I'm not saying they have no coping skills, I'm saying that it has been challenging for our young people to continue to utilize and hold onto their coping skills. One, because they haven't been taught a lot of them. They don't have the models. And two, because there's just so much stuff coming at them, right?
So, to your point about social media, I think it's important for young people to have access because I think social media, for those of us who identify as people of color or anybody with the marginalized identity, it allows you to amplify your voice in ways that you never had prior. But if you don't… like I always say, if you don't manage social media, social media is going to manage you.
[00:13:02] Frank: All right. Say it again.
[00:13:03] Alfiee: Right. So, I don't see enough of our young people with the skillset. I'm not saying none of them have them. I'm just saying I haven't seen enough with the skillset that allows them to manage it so that they are not being managed by it.
[00:13:17] Frank: So, a lot of your points are coming back to they just don't have the model, right? Is that the reason why we're not going to get help? Is it just, if I have the right parents that, that push into it, is that the real critical portion of that? And if for the students and the young folks who don't have that, how do they know to go get help?
[00:13:35] Alfiee: They don't, right? So, I think if you don't have somebody in your immediate vicinity saying to you.. didn't have to be a blood relative, but somebody saying to you, taking care of your mental health, I'm just speaking as a Black woman, is not self-indulgent, it's necessary, if you don't have people saying that, the messaging that you're getting is that it's self-indulgent. Oh, you just going to go sit and whine about your problems, right? And so, in my family, it was very much suck it up, you know. Like, my parents were civil rights generation. And my parents were from Mississippi, so you don't really know what struggle is because we were getting put in parchment for marching. You know what I'm saying?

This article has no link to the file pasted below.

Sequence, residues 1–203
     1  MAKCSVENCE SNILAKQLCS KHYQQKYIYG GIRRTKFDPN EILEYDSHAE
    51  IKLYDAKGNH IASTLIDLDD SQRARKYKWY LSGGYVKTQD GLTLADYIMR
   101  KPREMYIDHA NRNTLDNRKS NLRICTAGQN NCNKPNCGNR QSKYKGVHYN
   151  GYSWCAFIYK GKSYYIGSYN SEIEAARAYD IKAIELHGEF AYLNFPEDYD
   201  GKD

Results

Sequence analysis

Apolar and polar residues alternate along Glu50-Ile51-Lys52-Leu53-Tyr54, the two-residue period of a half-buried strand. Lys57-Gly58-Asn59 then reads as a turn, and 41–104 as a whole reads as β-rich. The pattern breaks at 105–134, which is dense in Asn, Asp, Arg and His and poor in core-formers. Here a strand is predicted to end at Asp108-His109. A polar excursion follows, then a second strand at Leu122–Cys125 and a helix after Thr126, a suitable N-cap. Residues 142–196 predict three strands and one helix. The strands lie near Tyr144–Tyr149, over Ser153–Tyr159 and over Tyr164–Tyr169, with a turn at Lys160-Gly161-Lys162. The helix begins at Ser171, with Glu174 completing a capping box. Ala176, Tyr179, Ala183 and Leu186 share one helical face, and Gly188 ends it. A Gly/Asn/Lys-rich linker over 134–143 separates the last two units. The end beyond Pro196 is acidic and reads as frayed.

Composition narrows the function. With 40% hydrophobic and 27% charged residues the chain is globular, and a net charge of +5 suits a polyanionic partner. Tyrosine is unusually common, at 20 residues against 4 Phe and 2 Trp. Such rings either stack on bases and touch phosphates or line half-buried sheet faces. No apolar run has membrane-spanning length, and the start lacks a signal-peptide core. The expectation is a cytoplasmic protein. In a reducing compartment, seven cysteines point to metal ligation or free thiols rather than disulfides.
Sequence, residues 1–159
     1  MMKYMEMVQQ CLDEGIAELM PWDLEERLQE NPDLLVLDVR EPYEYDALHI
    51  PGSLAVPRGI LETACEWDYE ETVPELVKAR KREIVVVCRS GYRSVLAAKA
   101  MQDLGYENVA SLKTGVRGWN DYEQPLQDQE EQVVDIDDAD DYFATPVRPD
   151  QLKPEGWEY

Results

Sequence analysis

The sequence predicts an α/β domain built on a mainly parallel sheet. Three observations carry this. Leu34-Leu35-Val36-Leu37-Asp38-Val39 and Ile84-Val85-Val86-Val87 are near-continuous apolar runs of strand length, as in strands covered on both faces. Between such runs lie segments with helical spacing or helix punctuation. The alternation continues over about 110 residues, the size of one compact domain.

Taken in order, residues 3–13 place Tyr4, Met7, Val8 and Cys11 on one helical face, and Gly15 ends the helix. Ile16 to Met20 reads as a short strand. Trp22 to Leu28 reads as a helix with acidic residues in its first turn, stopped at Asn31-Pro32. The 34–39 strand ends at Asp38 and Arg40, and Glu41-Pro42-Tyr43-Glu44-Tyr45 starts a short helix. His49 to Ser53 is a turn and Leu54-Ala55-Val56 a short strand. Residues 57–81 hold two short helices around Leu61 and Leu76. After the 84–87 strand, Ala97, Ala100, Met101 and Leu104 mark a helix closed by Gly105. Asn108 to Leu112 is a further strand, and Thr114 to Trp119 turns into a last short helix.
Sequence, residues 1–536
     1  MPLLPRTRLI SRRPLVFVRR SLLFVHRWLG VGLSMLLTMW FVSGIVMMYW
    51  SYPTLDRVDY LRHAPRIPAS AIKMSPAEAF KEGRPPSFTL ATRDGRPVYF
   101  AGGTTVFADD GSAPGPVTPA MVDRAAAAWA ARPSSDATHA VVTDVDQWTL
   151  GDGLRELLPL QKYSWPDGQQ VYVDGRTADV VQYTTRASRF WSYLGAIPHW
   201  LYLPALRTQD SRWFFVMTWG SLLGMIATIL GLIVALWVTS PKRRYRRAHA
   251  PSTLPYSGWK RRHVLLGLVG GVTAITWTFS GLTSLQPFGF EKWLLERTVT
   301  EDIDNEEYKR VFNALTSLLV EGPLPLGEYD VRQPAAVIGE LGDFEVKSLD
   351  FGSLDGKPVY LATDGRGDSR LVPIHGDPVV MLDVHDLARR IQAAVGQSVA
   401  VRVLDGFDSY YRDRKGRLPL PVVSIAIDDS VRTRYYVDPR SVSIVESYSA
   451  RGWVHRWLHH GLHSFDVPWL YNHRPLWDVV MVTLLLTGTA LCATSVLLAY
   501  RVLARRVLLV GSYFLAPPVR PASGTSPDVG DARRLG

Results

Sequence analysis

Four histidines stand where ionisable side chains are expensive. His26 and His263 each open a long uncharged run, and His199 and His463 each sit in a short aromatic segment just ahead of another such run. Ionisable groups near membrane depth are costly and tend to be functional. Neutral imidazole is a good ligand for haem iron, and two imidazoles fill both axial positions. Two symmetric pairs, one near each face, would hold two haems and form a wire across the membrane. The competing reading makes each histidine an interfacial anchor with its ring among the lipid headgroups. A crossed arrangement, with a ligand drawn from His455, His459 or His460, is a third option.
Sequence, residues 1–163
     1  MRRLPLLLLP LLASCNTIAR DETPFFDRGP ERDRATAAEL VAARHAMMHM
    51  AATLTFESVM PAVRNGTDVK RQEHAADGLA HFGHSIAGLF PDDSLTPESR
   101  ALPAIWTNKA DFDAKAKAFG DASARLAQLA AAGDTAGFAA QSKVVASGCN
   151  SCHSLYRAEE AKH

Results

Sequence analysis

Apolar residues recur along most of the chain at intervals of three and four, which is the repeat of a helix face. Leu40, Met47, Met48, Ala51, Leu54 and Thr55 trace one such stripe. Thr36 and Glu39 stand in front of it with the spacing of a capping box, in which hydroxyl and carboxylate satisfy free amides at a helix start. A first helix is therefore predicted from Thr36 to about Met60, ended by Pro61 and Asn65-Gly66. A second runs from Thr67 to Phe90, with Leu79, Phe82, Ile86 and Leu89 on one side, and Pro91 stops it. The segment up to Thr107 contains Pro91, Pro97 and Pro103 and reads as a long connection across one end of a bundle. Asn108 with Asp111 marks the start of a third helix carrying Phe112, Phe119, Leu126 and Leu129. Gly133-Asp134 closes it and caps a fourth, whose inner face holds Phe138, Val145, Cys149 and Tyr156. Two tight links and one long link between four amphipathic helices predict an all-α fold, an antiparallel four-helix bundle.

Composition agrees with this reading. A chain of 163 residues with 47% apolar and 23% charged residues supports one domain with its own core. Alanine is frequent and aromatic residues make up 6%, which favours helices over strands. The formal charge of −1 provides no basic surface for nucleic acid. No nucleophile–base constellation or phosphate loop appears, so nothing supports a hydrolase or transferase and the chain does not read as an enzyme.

And so, you can deal with… I literally remember this from being a freshman at Howard. You could stay up and write that paper. That ain't stress, you know what I mean? It was that kind of thing. And so, I think what we really have to have is opportunities for our young people to have access to culturally responsive care. You need to see people who look like you. At least have people who understand your background and where you're coming from and who are willing to listen and be open and work with you. You got to have that. You got to have affordability, right?
And then, I think the other thing you have to have is access to something that resonates with you. Everybody doesn't need to sit in a psychologist or psychiatrist or clinical social workers chair for 50 minutes. That's not for everybody. So, they need accessibility in a multitude of ways. If they have that and they have somebody encouraging them, then I think it makes it a little bit easier to access care.